Mount’s first paid ambulance officer retires
Mount Maunganui’s first ever paid ambulance driver has officially retired after 24 years of service.
Completing his last day on Thursday March 28, SunLive sat down with Garry Bishell about his years as an ambulance officer.
In 1989, Garry joined as a volunteer for St Johns and in 1990 he got a full time job in the ambulance service.
“So I became the first full time ambulance officer at Mount Maunganui,” says Garry.
“My philosophy was to make a difference to every person that I went to, and I can still remember the first job that I did at the Mount, and that was an elderly lady with a nose bleed.”
Garry says that some of the jobs that stay with you are usually the trauma ones, especially ones involving young children and new-born babies.
He still remembers one of the babies that he helped to deliver.
“Thankfully we don’t deliver too many babies these days but we did deliver one on the forecourt of a service station on Hewletts Road at 7.30 in the morning. That was a bit exciting,” he says.
“I remember a job we did on Maunganui Road, we got called to what was supposed to be a cardiac arrest. We found the address, and what had happened was the friend collapsed, so the lady ran outside to her car to get the nitrolingual spray, the door slammed and she was stuck outside and her friend was collapsed on the couch inside.
“When we arrived, we could see through the window that the lady was collapsed on the couch, no keys available, so we made the decision to smash the window to get it.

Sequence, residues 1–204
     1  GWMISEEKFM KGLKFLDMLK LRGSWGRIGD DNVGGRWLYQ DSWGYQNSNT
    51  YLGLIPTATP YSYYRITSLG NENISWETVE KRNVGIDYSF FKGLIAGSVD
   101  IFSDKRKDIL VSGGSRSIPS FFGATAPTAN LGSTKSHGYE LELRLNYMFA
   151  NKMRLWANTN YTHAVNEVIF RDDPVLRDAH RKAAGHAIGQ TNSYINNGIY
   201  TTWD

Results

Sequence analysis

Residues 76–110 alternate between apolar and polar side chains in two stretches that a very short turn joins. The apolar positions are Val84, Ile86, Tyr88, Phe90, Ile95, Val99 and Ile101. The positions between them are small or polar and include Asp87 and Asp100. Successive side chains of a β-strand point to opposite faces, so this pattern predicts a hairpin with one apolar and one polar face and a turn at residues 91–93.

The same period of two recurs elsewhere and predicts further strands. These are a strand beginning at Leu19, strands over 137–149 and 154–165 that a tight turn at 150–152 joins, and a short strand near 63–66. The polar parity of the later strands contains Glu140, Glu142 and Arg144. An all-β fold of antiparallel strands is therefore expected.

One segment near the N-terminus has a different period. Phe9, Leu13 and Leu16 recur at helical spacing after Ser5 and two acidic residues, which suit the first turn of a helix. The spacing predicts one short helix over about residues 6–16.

“Smashed the window and the lady promptly woke up off the couch and ran to the door and said ‘what was going on’. If I’d just knocked, properly would have sufficed.”
Throughout his time with St John, he also took on the role of enlisting and training 100’s of volunteers. He also took on the role of running Driver Instruction courses while employed as a full time officer.
He has also seen the Mount Ambulance station grow from being sited in an old tin community hall next to the railway track on Central Parade to a purpose built station which he helped design and eventually get built.
Even though he is now officially retired, Garry will still be helping out his wife with a project that she has started up.
“She has a little charity, where she makes up bags of toiletries for the hospitals.
“These are for the patients who are taken in who don’t have their own toiletries or who are taken in, in emergency situations.
“It all stemmed from me talking to her one night about an elderly lady who was adamant that she wasn’t going in the ambulance until she had her hair done and her tooth brush and stuff.
“So Chris ended up making up these toilet bags and we self-funded it for a while, and then it became so popular that it was a matter of getting some funding for it.
“We make them up for male, female, children, and we have packs for the parents too.”
Garry says that being an ambulance driver is such a varied job but the beauty of it is that you never know what you are going to.